Certain genes implicated in pathogenesis of BAV are found to regulate overall differentiation and morphogenesis of all the valves. For example, NOTCH-1 signalling, which is implicated in pathogenesis of aortic valve disease, is shown to play important roles in normal valvulogenesis of all the valves by regulating activity of various other genes and transcription factors. Abnormalities in this gene or other associated genes and/or transcription factors might be responsible for the pathogenesis of DOMV and other associated valvular abnormalities, vascular diseases, and congenital heart defects.

4. Conclusion

DOMV is a very rare lesion which might be associated with various other left sided obstructive lesions. The hypothesis that a central genetic abnormality may result in DOMV and other associated abnormalities is attractive and should be tested. In the clinical settings, patients with DOMV should undergo cautious and detailed assessment for other components of Shone complex.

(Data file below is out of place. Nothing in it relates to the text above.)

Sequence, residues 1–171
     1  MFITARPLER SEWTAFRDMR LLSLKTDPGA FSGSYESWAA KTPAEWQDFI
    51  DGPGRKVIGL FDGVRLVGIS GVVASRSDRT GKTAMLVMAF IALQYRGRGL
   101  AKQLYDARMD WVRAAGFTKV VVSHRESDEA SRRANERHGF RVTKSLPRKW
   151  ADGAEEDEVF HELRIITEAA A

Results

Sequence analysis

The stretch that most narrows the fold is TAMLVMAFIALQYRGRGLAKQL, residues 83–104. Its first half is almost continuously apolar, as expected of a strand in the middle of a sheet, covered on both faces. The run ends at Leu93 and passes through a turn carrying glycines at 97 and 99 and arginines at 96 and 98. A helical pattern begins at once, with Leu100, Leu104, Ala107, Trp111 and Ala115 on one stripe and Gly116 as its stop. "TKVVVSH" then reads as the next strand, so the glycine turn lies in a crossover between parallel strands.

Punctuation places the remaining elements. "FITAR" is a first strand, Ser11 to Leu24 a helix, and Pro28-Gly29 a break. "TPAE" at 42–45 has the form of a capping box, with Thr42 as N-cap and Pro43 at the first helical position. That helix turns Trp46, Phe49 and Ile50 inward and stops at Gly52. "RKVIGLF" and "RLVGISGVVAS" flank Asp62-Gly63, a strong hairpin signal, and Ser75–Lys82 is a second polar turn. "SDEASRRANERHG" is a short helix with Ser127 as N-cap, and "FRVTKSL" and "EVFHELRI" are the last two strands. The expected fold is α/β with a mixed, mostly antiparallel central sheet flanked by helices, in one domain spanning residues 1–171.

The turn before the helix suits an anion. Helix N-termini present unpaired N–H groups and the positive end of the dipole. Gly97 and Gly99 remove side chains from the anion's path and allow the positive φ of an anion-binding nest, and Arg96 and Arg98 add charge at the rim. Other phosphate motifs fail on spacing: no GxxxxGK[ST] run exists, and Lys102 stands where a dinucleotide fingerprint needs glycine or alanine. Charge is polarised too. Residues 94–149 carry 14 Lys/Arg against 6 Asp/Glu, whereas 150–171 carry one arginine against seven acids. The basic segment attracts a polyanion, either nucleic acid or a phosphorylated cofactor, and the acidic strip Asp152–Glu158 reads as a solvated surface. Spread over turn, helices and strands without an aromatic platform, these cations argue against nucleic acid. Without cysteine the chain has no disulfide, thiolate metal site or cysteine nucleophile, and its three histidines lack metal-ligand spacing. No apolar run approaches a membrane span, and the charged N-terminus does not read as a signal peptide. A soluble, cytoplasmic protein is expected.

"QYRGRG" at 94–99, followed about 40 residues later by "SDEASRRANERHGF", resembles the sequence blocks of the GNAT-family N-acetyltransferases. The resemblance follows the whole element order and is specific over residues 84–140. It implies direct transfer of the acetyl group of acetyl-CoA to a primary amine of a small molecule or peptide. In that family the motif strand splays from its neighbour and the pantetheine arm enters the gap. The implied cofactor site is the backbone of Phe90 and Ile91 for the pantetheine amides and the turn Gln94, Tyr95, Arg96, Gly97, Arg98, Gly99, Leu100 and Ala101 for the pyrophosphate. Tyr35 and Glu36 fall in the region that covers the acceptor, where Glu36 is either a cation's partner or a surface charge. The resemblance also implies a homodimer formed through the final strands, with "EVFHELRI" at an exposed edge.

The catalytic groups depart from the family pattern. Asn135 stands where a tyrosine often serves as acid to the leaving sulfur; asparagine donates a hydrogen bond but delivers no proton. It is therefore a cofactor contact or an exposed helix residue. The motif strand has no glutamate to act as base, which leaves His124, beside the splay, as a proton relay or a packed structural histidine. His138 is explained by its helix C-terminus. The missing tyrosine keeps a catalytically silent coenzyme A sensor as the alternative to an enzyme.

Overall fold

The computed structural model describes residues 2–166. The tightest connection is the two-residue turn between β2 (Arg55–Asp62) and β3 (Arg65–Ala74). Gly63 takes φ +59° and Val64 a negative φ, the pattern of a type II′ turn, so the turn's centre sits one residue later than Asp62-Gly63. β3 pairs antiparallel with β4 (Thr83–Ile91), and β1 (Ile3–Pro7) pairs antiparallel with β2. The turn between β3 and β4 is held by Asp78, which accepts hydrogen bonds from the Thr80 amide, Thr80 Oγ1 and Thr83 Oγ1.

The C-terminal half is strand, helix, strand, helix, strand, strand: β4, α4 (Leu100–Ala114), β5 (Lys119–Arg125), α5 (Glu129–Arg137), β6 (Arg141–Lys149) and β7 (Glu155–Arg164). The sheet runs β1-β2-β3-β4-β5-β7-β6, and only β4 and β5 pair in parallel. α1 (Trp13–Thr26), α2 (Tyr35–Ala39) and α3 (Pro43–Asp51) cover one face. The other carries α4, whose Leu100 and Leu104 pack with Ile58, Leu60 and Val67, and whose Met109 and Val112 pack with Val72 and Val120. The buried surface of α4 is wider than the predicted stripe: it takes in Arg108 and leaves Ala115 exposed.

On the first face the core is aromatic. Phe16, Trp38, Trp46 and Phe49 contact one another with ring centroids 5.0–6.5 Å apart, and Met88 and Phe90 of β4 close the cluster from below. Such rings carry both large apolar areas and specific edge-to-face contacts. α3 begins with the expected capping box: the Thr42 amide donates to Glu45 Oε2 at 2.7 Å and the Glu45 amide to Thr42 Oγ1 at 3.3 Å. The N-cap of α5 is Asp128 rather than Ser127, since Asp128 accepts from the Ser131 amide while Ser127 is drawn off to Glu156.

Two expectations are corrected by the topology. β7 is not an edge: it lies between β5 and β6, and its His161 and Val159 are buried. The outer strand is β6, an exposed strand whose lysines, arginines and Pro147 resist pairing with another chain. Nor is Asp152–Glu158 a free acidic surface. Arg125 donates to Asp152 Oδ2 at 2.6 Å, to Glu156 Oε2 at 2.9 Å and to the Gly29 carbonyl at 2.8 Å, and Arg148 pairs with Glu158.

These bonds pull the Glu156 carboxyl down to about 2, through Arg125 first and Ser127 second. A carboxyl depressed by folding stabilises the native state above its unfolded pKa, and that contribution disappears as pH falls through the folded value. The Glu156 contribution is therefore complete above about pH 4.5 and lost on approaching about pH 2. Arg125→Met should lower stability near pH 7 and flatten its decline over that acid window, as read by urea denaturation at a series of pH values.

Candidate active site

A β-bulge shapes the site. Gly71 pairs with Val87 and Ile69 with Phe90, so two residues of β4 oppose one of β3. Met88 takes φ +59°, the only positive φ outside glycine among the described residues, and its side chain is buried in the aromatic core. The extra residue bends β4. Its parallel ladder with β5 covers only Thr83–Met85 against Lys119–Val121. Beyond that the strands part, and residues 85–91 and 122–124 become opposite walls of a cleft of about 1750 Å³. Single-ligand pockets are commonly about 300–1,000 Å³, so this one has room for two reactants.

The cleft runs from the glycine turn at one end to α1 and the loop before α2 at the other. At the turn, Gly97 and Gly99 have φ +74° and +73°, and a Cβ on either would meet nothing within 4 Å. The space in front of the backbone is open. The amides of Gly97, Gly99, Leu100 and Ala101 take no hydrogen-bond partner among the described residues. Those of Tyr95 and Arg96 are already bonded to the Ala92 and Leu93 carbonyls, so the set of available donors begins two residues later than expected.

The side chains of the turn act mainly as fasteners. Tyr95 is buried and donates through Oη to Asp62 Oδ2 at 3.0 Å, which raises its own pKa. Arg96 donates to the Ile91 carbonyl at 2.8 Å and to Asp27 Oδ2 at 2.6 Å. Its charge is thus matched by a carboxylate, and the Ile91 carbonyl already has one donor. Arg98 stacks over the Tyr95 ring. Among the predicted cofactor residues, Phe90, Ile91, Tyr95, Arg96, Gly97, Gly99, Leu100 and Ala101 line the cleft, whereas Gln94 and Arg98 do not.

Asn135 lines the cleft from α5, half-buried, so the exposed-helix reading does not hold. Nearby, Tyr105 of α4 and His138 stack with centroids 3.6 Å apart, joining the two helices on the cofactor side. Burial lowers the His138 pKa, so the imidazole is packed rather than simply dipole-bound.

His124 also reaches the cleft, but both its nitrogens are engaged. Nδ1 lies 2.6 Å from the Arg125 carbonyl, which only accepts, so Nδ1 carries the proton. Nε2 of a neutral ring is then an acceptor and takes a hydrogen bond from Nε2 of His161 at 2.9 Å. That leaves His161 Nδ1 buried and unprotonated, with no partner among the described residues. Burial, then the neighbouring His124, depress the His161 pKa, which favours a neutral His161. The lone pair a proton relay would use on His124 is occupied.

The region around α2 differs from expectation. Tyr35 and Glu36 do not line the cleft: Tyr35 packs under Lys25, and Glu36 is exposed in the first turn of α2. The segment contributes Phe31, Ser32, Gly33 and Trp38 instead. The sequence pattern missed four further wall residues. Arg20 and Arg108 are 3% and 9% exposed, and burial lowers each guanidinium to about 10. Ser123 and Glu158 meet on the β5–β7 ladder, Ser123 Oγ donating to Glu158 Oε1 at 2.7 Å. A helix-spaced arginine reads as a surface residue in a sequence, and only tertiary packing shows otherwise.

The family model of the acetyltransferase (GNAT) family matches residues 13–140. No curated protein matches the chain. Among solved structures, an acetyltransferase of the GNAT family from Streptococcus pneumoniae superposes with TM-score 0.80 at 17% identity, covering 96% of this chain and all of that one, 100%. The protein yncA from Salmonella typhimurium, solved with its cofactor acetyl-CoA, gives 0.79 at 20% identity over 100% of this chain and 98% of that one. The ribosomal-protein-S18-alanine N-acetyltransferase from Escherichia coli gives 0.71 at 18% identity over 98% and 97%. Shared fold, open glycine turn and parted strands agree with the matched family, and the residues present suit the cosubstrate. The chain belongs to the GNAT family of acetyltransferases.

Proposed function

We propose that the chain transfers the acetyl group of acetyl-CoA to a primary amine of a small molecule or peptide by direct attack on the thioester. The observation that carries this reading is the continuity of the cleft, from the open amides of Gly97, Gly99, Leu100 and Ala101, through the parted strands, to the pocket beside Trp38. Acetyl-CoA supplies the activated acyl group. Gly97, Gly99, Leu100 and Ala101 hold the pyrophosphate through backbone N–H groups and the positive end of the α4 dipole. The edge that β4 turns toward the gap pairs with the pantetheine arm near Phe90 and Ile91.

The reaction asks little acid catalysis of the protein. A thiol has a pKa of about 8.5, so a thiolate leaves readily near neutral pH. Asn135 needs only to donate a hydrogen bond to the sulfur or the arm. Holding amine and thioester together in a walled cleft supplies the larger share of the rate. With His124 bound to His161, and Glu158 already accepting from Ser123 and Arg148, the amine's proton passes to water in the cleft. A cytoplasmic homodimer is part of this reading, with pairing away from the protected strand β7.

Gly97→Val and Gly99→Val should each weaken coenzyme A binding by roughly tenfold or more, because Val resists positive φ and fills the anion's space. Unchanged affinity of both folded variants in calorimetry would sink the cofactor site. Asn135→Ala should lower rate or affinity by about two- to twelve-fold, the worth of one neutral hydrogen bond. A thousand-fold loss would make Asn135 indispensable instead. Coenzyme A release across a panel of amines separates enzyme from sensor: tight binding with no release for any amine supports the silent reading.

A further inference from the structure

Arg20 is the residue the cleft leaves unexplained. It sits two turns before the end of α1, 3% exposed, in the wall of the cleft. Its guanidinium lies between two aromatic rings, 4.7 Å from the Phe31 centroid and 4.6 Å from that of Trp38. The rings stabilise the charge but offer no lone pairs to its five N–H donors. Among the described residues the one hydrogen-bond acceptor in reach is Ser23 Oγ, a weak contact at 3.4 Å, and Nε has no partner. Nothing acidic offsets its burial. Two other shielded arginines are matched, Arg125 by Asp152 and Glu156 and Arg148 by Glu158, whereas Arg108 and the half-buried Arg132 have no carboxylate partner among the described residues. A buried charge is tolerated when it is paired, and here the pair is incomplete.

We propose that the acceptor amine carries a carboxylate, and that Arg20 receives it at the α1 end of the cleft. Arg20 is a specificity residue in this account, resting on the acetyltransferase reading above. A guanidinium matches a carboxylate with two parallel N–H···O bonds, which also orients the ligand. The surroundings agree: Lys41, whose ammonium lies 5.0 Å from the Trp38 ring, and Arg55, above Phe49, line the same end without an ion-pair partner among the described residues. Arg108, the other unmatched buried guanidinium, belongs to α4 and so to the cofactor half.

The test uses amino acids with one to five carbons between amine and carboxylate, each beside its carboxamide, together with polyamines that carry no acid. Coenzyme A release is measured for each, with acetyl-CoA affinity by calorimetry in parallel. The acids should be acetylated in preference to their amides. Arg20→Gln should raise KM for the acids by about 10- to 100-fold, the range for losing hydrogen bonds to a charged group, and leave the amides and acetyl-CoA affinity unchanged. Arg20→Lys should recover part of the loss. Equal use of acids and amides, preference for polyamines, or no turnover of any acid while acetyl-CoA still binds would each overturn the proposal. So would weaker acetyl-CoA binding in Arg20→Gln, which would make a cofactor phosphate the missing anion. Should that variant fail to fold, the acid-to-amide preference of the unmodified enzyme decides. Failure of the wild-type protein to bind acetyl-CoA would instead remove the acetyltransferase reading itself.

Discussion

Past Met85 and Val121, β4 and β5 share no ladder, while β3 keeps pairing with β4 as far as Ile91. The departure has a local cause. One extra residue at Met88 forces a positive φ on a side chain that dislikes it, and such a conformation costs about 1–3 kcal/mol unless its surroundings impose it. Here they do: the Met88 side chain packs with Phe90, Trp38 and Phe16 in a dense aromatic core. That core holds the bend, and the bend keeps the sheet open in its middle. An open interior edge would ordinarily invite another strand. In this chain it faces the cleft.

Conflict of Interests

The authors declare that there is no conflict of interests regarding the publication of this paper.

Supplementary Materials

Apical four-chamber view in transthoracic echocardiography showing opening of the double orifice mitral valve is seen in Supplementary Video 1. Video 2 demonstrates opening of the double orifice mitral valve in parasternal short axis view in transthoracic echocardiography. Video 3 shows opening of the bicuspid aortic valve in parasternal short axis view in transthoracic echocardiography.

  1. Supplementary Videos


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Copyright © 2015 Faysal Şaylık et al. This is an open access article distributed under the Creative Commons Attribution License, which permits unrestricted use, distribution, and reproduction in any medium, provided the original work is properly cited.